Why are some theaters refusing to play The Last Jedi?
A blockbuster like a Star Wars movie is a cultural event that generates its own gravity. It doesn't matter if you're interested—it's a movie so big, you'll be drawn into its orbit no matter what you want.
Which is to say that December 15 is a bad day to be a new movie that's not Star Wars: The Last Jedi, the long-awaited eighth episode of the decades-spanning Star Wars story.
One would think that theaters would want to put a movie like that up on every screen that had access to for its opening weekend, to maximize screenings and crank up profits. So why are some theaters flat-out refusing to screen the movie at all?
According to a report by The Wall Street Journal, Disney is imposing harsh financial requirements on the theaters they'll partner with to screen The Last Jedi—terms which many theater owners are calling the worst they've ever encountered in the business.
The standard way that movie studios and theaters make money off of the release of a new movie involves splitting the profits from ticket sales on a percentage basis. First-run films often earn more of a percentage for the studio—typically 55% to 60% of ticket sales, with that percentage decreasing as the weeks go on and interest in the movie begins to flag.
But Disney is in an immensely advantageous position with The Last Jedi, a direct sequel to the highest-grossing movie of all time domestically, and by a fair margin at that. The company is using that advantage to impose extremely restrictive terms on theaters that want to show the film. One film buyer noted in the Journal article that by their metric, Disney right now is "in the most powerful position any studio has ever been in, maybe since MGM in the 1930s."
So what are these restrictions? First of all, regarding shares of ticket revenue, Disney is asking for what is evidently an all-time high for Hollywood: 65% from all participating theaters. Also, their agreement mandates that theaters showing The Last Jedi have to screen it in their largest auditorium for at least four weeks.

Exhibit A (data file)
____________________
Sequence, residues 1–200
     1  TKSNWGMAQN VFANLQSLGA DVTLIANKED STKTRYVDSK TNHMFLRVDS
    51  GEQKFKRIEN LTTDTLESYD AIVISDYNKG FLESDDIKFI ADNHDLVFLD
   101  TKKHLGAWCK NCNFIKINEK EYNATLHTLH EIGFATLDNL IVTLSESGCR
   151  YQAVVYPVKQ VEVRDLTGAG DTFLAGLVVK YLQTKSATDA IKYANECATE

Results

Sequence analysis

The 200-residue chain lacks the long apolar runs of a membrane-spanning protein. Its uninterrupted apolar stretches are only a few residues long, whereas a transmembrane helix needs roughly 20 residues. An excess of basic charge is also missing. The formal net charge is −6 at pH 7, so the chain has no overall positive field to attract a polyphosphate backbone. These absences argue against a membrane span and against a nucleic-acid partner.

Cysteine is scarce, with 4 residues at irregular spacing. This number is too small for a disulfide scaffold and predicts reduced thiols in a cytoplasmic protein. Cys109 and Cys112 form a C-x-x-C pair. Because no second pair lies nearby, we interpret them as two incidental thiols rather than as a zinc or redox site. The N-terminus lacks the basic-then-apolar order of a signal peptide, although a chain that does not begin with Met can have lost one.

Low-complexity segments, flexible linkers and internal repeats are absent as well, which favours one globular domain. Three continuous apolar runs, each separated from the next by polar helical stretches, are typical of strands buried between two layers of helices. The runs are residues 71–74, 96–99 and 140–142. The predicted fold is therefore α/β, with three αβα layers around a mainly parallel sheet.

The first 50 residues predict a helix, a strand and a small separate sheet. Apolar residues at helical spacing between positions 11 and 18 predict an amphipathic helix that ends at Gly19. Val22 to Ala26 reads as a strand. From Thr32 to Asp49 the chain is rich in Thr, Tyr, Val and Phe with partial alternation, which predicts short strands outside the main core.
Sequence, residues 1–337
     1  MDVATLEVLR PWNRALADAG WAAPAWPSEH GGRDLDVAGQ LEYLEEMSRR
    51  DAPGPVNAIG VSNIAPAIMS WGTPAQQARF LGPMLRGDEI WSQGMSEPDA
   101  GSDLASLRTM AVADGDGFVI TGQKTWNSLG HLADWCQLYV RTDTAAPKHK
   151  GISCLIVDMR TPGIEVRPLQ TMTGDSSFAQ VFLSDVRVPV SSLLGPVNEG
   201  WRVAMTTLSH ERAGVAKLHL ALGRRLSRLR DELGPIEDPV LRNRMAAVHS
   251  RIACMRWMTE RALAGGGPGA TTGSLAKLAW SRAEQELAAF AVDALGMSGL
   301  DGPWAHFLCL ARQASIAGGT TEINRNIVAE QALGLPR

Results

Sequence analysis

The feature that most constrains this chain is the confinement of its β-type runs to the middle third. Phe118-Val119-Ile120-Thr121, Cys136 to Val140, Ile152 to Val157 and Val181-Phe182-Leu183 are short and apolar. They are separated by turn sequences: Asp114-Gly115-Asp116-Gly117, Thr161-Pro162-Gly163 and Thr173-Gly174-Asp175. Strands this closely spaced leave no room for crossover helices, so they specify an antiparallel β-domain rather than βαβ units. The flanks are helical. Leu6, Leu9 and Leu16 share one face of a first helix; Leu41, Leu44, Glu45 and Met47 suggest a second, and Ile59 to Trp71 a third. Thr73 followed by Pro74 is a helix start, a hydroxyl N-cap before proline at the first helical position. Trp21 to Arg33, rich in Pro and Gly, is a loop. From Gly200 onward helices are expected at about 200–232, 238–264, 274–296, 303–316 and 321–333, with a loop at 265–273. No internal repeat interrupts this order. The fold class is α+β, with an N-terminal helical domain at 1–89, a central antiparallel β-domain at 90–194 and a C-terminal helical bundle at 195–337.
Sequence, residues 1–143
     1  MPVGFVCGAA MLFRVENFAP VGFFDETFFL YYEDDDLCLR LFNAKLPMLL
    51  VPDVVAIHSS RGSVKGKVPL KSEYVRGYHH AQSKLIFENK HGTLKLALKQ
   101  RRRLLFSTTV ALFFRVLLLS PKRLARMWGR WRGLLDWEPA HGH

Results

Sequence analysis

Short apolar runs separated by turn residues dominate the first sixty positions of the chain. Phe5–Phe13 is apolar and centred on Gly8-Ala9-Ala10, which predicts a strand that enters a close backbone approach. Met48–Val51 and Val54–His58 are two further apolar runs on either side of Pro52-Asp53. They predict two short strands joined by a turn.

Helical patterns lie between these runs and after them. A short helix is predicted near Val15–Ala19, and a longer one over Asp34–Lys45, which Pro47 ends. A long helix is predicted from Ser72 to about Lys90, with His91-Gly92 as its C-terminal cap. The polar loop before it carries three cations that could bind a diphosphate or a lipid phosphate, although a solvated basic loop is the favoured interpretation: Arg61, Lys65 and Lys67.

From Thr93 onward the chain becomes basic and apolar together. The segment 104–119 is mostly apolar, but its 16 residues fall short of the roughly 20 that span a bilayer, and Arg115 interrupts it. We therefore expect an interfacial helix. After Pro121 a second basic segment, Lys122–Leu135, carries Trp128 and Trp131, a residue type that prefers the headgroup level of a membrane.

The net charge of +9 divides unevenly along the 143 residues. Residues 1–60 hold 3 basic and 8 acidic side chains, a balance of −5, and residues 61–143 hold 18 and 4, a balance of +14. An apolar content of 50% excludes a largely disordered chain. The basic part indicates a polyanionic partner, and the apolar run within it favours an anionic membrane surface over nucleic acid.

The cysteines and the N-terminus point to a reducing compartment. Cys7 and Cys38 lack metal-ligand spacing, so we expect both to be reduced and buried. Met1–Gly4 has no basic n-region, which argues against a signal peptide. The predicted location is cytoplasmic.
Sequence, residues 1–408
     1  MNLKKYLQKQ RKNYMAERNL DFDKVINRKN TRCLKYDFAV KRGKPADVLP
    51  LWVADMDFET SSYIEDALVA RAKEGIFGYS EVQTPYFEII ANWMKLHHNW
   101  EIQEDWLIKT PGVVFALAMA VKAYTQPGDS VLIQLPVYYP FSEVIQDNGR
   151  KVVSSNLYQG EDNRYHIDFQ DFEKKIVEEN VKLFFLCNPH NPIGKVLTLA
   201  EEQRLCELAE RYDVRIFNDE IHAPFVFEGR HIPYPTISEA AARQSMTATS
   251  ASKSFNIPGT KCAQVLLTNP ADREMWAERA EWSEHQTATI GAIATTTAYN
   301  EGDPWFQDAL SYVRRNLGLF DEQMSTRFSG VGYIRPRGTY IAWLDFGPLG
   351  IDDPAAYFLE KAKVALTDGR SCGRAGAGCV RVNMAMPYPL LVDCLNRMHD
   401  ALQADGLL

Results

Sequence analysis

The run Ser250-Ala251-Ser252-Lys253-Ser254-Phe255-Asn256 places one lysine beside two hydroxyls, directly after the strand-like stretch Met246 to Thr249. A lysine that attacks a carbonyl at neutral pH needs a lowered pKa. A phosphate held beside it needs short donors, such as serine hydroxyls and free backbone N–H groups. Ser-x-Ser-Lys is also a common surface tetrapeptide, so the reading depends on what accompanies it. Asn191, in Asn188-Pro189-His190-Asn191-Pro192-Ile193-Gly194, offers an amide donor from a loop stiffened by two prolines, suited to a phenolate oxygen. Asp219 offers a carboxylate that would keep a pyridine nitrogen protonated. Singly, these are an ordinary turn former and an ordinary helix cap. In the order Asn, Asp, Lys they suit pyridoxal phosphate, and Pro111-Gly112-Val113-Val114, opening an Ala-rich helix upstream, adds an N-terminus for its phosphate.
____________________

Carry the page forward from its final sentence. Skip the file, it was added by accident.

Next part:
In addition to these terms, the company is also imposing an uncommon penalty for violating them. Should Disney deem any theater to be in violation of the agreement, the agreement says that Disney is then allowed to take an additional 5% of ticket sales from the theater—meaning that for four weeks, 70% of all money earned from The Last Jedi in a theater would go straight to Disney.
Violations, according to Disney, would include pulling even one screening from a theater's schedule, or using marketing materials for the movie before Disney gives the go-ahead.
Most theaters will simply have no choice but to play by the rules, but some independent operations intend to push back.
While these terms still are harsh for your AMCs and Cinemarks, what these conditions really hurt are smaller theaters, serving small populations. One cinema owner who operates a single-screen theater noted that in his small town, everyone who wanted to see The Last Jedi would see it in the first two weeks, leaving the owner stuck playing the movie for four weeks to what would eventually be an empty room. For this trouble, the theater would keep only 35% of the increasingly meager profits from it all—or 30%, if Disney decides they broke a rule.
Considering the record-breaking success of The Force Awakens, it's easy to see why Disney would impose such a strict agreement on theaters. But surprisingly, it's also easy to see why some theaters wouldn't want to play ball. Amazing as it sounds, it may actually be better business, for some places, to let everyone else stick with Star Wars.